The Loonie closed 0.17% higher followed by consolidating its gains on Wednesday morning. The commodity-linked Loonie gained ground versus the U.S. dollar on Tuesday, backed by strong GDP figures and slow manufacturing activity. In November 2021, the Canadian economy grew 0.6% month over month, following a 0.8% gain in October and exceeding market estimates of a 0.3% increase. It was the sixth straight month of growth, with both the goods-producing and service-producing industries increasing. Furthermore, the IHS Markit Canada Manufacturing PMI fell to 56.2 in January 2022 from 56.5 in December, the lowest figure since July 2021. Nonetheless, the sector expanded for the 19th straight month in January, supported by increased levels of new work. Aside from that, rising crude oil prices continued to strengthen the commodity-linked Loonie, bolstering the currency even more. Market players are now anticipating headlines from the OPEC+ meeting and the speech by Bank of Canada Governor Macklem. This, together with the release of U.S. statistics, will drive Loonie prices further.
The Mexican Peso finished 0.45% higher before consolidating its gains this morning. The Mexican peso rose against the U.S. dollar in yesterday's session, after falling to a near 6-week low on January 28th, due to a weaker U.S. dollar and strong crude oil prices. Domestically, inflation statistics and the most recent Central Bank minutes bolstered the case for higher rates, with bets centered on another 50 basis point hike during the February meeting. Meanwhile, preliminary statistics suggested that the Mexican economy entered a technical recession in the fourth quarter of 2021 after falling 0.1% quarter on quarter, which could weigh on the Central Bank's decision to maintain its current rate of policy tightening. In other news, the IHS Markit Mexico Manufacturing PMI decreased to 46.1 in January 2022 from 49.4 the previous month, indicating a decline in the sector's health. The latest result indicated the 23rd straight month of factory activity reduction, and the worst since March 2021, as businesses reported a steeper decline in output and new orders amid decreased international demand.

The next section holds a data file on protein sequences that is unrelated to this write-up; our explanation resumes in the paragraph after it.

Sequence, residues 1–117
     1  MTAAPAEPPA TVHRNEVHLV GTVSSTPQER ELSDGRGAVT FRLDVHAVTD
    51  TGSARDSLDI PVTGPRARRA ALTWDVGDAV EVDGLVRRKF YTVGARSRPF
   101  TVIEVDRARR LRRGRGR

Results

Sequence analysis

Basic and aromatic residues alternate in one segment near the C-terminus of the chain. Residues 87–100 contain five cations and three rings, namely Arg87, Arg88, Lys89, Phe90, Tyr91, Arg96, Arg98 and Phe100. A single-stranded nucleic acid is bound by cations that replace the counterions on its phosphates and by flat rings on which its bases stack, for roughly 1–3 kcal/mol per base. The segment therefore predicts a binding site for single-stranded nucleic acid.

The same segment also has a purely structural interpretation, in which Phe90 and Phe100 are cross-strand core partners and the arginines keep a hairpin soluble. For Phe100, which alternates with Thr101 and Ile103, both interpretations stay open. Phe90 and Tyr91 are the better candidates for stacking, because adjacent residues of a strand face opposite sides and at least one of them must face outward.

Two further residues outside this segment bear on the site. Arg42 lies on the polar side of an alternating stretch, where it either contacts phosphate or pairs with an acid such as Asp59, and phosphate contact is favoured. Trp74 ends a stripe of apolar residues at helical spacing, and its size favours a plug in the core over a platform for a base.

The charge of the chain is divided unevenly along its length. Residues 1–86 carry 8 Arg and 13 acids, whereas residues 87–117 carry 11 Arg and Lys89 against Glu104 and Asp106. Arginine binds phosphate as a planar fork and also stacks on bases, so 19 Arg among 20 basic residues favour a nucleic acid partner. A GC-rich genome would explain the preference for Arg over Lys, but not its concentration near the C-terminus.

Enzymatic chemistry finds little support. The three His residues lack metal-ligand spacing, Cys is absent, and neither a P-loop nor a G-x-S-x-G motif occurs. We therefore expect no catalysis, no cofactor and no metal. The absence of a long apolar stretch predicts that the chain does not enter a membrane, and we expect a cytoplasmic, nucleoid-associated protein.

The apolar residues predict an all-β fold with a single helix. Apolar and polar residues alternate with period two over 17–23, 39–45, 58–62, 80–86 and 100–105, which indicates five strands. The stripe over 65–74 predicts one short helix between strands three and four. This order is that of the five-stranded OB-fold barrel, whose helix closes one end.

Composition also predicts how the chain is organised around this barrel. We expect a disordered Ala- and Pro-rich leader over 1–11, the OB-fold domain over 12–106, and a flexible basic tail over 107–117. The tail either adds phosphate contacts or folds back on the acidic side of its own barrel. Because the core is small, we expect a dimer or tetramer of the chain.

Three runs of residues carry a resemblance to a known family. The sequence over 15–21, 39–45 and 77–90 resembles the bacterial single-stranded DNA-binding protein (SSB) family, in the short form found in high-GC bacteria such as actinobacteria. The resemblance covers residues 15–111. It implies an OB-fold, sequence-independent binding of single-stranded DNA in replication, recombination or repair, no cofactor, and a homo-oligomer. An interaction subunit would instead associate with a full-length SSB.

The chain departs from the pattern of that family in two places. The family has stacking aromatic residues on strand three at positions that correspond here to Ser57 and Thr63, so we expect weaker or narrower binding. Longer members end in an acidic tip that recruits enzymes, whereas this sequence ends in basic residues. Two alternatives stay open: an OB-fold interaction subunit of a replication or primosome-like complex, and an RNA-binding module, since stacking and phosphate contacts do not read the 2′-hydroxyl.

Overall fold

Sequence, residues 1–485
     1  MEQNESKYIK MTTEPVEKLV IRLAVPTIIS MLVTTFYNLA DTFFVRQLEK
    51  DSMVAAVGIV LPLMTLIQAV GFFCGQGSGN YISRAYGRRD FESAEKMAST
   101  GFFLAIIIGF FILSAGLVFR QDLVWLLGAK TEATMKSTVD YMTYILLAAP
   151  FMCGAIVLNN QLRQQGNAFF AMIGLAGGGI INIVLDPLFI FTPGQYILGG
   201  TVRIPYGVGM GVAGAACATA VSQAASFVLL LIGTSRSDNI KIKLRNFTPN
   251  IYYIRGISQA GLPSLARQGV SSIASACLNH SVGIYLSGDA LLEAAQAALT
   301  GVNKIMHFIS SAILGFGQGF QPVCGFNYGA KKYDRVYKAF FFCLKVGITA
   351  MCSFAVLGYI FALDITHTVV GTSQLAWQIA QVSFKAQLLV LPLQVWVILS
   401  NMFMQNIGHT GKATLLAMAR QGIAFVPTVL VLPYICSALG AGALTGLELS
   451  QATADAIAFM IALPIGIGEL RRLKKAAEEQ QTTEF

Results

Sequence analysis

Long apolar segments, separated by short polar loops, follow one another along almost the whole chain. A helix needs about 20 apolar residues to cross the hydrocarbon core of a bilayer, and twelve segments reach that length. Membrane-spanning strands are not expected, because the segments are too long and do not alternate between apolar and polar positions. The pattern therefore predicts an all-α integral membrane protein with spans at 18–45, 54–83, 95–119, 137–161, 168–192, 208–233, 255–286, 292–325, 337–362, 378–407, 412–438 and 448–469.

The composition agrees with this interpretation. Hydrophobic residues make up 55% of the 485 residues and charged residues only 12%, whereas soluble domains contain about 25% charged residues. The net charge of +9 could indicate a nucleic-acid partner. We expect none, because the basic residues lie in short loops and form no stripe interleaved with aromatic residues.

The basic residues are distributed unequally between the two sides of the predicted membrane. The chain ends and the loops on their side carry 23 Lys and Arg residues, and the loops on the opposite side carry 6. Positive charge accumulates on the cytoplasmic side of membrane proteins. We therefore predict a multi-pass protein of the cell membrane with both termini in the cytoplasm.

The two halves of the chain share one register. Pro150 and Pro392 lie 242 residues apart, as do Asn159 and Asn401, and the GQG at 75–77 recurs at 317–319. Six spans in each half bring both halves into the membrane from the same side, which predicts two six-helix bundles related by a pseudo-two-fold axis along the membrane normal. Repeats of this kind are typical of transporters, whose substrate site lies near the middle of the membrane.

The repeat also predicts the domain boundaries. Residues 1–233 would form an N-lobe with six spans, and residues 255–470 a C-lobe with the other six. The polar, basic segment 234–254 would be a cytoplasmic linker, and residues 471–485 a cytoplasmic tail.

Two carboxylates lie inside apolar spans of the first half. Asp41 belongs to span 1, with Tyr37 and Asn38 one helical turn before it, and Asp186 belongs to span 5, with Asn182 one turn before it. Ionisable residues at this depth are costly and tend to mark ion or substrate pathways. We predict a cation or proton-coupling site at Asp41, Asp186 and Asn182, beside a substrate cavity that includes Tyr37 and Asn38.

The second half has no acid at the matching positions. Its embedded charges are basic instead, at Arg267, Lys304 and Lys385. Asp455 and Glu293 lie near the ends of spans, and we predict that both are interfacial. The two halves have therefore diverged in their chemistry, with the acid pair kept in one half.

The Chinese Yuan remained flat on Tuesday amid the Chinese new year holidays. As Chinese financial markets remained closed for the week-long Lunar New Year vacation, the Yuan held steady against the US dollar in low-volume trading. The Yuan has gained modestly this week as the dollar has fallen after Federal Reserve officials resisted predictions of a 50 basis point rate hike in March. Meanwhile, the Chinese currency remained under pressure due to widening policy divergence, as impending rate hikes in the U.S. contrasted with China's monetary easing. The People's Bank of China has reduced many major short and medium-term interest rates, with experts anticipating additional easing measures in the coming months, including a 50 basis point reduction in the reserve requirement ratio.
The Brazilian Real closed 0.51% higher against the greenback on Tuesday. The Brazilian Real soared to four-week highs against the U.S. dollar, owing to a weaker currency, higher iron ore prices, and forecasts of higher local interest rates. Iron ore, a crucial export for Brazil, has risen to more than $140 per tonne, the highest level since the beginning of September 2021. Domestically, hotter-than-expected mid-month inflation statistics bolstered the case for The Central Bank of Brazil to adopt a more hawkish policy stance. According to mid-month consumer pricing statistics, the annual inflation rate remained above 10%, exceeding market estimates and the central bank's objective of 3.5%. In other news, the IHS Markit Brazil Manufacturing PMI fell to 47.8 in January 2021, after lingering at 49.8 for two months, confirming the sector's contractionary trend. Moving forward, market participants anticipate another 150 basis point boost from the Central bank during its monetary policy meeting later today.